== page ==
Bubba Wallace laments final restart at Texas

FORT WORTH, Texas — Just when it seemed Bubba Wallace would win to advance in the Cup playoffs, his chances went away on the final restart with six laps to go.

“I choked,” Wallace told NBC Sports’ Kim Coon.

The result is that Wallace finished third to winner William Byron and runner-up Ross Chastain. Wallace, who entered the Round of 12 last in the standings, is now the first driver outside a transfer spot to the Round of 8 with two races left before the next elimination. It came after he started on the pole and led a career-high 111 laps.

But that didn’t console Wallace shortly after exiting his No. 23 car.

“Can’t have the worst restarts when you’re the best restarter,” Wallace said. “That’s what happened."

As he talked to media on pit road, his NBC interview played on the video board at Texas, drawing boos.

“Oh, I’m booing myself, too, so we’re good,” Wallace said. “I’m one of you all today.

“I just hate it for my team, hate it for my sponsors. They put so much effort into giving me the best race cars to go out and win races and giving it up like that is heartbreaking, for sure. Devastating.”

While Wallace took ownership for not making the right move, a set of circumstances that went back to the next-to-last restart that played a key role in Sunday’s result at Texas Motor Speedway.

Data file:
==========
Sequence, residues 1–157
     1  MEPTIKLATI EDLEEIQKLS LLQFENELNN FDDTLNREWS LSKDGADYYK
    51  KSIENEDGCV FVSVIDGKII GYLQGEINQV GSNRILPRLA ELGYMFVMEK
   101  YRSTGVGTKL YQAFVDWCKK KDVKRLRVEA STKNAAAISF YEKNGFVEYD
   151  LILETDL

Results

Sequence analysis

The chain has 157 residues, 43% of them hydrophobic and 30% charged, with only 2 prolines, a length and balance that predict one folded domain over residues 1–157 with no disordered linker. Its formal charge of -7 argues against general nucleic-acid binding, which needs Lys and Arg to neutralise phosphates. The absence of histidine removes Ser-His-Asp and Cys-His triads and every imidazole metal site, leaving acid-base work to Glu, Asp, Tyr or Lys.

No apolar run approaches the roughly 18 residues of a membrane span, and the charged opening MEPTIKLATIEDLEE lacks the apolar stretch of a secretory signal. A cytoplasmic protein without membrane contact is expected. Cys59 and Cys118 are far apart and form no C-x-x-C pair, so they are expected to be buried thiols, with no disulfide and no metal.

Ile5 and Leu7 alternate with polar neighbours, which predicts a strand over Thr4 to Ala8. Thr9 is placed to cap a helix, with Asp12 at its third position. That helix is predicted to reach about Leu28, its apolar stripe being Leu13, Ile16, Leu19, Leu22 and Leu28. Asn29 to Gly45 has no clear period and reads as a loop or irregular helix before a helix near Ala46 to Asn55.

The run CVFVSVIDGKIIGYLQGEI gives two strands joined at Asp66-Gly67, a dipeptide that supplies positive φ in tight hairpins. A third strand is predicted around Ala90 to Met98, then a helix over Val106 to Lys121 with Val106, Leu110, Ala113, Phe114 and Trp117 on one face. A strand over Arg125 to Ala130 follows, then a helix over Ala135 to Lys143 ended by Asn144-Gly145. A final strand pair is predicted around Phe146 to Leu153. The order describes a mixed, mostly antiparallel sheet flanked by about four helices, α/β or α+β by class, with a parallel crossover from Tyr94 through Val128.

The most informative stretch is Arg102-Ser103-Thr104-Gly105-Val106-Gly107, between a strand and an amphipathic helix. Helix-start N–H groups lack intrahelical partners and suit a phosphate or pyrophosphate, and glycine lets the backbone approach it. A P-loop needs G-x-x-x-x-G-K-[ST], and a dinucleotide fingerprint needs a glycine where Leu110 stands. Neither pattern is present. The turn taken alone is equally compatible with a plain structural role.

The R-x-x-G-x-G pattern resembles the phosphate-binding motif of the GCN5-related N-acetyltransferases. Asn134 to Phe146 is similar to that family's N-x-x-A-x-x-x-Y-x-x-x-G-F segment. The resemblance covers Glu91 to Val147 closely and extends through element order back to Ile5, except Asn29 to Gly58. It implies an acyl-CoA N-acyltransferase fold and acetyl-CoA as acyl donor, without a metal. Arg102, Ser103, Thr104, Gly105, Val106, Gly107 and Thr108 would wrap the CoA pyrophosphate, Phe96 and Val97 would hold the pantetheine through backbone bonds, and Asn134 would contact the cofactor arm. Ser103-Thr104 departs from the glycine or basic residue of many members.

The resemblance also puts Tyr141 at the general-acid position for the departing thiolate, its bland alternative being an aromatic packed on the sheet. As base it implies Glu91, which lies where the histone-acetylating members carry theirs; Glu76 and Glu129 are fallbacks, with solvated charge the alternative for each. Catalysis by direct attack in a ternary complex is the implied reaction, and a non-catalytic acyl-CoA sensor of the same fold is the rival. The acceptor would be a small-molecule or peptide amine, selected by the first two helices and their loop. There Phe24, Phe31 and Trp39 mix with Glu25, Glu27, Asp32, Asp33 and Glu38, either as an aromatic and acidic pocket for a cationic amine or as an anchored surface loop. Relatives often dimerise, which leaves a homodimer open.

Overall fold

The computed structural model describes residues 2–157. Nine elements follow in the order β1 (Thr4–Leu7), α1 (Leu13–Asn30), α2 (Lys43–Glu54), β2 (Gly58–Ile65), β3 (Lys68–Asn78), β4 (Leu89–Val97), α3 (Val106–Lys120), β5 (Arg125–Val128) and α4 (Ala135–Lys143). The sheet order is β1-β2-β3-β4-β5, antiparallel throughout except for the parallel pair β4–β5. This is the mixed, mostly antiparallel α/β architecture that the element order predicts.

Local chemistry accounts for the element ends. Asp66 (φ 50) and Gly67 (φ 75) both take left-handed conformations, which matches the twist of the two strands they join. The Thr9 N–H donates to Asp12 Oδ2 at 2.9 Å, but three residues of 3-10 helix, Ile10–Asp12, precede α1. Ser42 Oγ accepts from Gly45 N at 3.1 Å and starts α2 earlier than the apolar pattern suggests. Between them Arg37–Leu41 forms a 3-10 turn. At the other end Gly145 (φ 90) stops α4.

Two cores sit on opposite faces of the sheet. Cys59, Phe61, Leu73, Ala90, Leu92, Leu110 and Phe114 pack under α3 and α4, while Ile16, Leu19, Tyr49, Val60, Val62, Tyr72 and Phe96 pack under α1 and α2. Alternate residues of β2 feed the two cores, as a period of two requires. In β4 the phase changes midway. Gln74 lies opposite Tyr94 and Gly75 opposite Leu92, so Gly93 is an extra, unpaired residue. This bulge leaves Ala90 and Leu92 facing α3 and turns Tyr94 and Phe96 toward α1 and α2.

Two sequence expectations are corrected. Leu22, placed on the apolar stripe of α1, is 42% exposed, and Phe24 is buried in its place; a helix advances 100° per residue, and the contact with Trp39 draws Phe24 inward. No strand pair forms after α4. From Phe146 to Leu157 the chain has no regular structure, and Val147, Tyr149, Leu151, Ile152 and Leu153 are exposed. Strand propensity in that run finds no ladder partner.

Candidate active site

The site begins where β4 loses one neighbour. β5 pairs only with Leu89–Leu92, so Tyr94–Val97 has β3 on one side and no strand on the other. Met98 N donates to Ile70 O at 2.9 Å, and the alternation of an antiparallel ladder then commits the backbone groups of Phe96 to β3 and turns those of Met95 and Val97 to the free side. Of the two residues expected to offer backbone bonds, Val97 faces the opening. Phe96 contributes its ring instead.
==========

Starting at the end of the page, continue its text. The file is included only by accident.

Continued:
That restart will be recalled for when Wallace and Larson dueled side-by-side until Larson, running underneath Wallace’s car, lost control and slid into the wall.

“We just went in there side-by-side and I lost it really quickly and crashed,” Larson told NBC Sports’ Dave Burns.

But before that incident came a moment that would prove pivotal on the final restart.

Chase Briscoe restarted in the outside lane of the second row behind Wallace. Briscoe gave Wallace a big shove on the restart but it would prove costly.

“I blasted Bubba on the restart,” Briscoe told NBC Sports. “I guess when I did that, it split the splitter in the nose and I didn’t know that at the time. I knew when we ran through (Turns) 3 and 4 on that start, I was super, super tight, but I figured it was maybe tire related or something.”

That was due to the damage on the nose of his car from ramming Wallace’s car on the restart. Briscoe said he hit Wallace hard to push him forward, feeling that would be a “huge advantage for both of us.”

After a multi-car wreck, Wallace again chose the outside lane on the front row, while Briscoe moved into the inside spot on that row.

“I thought I had timed it really well,” Briscoe said of the final restart. “I almost cleared him. As soon as I got into the middle (of the turn) I just took off plowing tight and was out of the gas. I think I definitely hit him a little bit, just barely and that just let William get a big run on us and takes us three wide.”

Said Wallace: “Briscoe got tight underneath me and that lost all my momentum. The best defense mechanism is to pack air on somebody’s left rear and that shoves the outside car up and that gave Byron a massive run.

“I should have just held my line into (Turn) 3 instead of chasing down. Just gave it away there.”